Preservation: History, Fruit Genetics, Orchards

A RICH HISORY

Fruit orchards once featured prominently into the agricultural landscape of southwestern Colorado. Montezuma County is old orchard country. Many of these orchards still exist, primarily apples, though as remnants of themselves, quite often down to several trees 100-years-old or older growing in a fence line. Many of the folks who grew up around these old trees are still here to share their knowledge. Together, these trees and the descendants of early fruit-growing pioneers living here today, create a living history that few places have held on to. The great work and generous spirit of our early pioneers will not pass forgotten if Montezuma Orchard Restoration Project is successful.

The most favored district in Colorado is what was once said about our area’s fruit growing potential. At elevations fruit production was believed impossible, our Montezuma Valley grew some of the tastiest fruit imaginable. Over one hundred years ago pioneers came from across the country with knowledge of fruit and orchards planting thousands of small and mid-sized orchards in Weber Canyon, McElmo Canyon, Lewis, Lakeview, Arriola, and Lebanon.

Their trees came from bareroot from California, or from scion wood collected back home in Tennessee. They were aware of the numerous varieties that existed at the time, and experimented aggressively. There was a premium on quality. They could breed their own genetics, graft, plant, harvest, and market their fruit. Indeed, much of the early history of the Montezuma Valley is about fruit production and orchard development. The reputation for quality spread far and wide.

In 1904 Montezuma County won three of the four Gold Medals awarded to Colorado at the St. Louis World Fair. Two years later, establishing a record “that has never been approached, much less equaled” Montezuma County fruits took 101 out of the 104 ribbons at the State Fair, 97 of them first place. Remnants of the work of these early pioneers are what led to the creation of MORP some 100 years later.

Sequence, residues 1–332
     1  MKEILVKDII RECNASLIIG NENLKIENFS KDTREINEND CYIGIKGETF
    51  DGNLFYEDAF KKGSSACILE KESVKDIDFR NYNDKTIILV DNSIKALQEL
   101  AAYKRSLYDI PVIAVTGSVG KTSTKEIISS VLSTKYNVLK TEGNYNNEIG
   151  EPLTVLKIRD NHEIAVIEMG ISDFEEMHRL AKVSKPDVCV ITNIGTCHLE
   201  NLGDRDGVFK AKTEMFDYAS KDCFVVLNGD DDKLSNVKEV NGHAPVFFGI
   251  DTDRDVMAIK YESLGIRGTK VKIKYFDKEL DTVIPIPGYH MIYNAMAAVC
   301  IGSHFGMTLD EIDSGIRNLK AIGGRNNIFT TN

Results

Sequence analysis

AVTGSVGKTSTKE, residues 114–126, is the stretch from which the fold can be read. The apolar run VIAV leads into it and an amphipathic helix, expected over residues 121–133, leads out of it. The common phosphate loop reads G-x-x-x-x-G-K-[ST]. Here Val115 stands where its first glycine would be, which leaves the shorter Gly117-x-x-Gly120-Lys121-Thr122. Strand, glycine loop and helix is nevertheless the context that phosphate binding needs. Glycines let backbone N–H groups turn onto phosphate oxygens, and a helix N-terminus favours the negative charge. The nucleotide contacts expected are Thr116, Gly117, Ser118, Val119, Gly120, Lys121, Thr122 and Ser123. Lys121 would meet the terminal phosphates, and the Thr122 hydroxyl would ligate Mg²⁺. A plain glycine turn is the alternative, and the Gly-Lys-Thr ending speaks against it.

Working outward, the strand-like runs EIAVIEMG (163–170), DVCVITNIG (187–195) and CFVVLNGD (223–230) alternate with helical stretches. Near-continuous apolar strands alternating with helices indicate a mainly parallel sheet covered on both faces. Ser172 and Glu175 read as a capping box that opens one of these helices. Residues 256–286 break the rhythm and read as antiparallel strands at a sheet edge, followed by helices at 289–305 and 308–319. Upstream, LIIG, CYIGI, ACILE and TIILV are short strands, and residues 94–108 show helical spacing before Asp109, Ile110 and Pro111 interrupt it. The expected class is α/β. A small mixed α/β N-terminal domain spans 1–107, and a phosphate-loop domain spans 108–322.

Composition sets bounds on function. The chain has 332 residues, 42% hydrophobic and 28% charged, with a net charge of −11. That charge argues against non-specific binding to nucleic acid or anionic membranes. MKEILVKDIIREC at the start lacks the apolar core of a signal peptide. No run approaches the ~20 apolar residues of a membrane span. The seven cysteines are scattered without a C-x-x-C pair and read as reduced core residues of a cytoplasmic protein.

MAPPING AWAY IN OLD ORCHARD COUNTRY

Montezuma County is a “hot spot” for fruit exploring. Last season MORP mapped 63 out of nearly 200 identifed historic orchard sites; and although only a third done, placed 2,611 fruit trees (mostly apples)—66 to 125 years old—back on the map. This work entails taking a Global Positioning Unit (GPS) coordinate of each tree, photographs and eld notes; and importantly, talking to the owners about the history of the trees. Data is entered into MORP’s fruit database, building knowledge of our heritage fruit resources as we design strategies to preserve them.

The last time this type of work was done here, albeit without GPS, was in the early 1920’s, when then state horticulturist, E.P Sandsten, surveyed every fruit district in Colorado. The 1922 Orchard Survey of the Southwestern District of Colorado documented 67 apple orchards, 49 known apple varieties and 48,630 apple trees in Montezuma County. Jonathan (old fashioned) was the most popular; Rome (old fashioned), Winesap, Gano, Delicious (old fashioned), White Winter Pearmain, Ben Davis and Grimes Golden followed in decreasing abundance.

Sandsten’s survey also foretold the immediate future of southwestern Colorado fruit, “The district has great potential possibilities for commercial fruit growing…and if transportation facilities were available it would become one of our greatest fruit sections in the State”. Southwestern Colorado had no interstate highway and its only rail line, the Rio Grande Southern, was a regional narrow gauge train that struggled through the Great Depression only to cease operations in 1951. By that time the US apple industry was focused on five commodity varieties: Red and Golden Delicious, Rome Beauty, Jonathan, and Winesap. North central Washington, with its access to transcontinental railroads and Pacific Rim ports, had become the Apple Capitol of the World. Today however, there is a different future for old apples, thanks to growing interest in local and heirloom food and the resurgent hard cider industry. The work of our early fruit-growing pioneers holds potential to restart commercial fruit growing.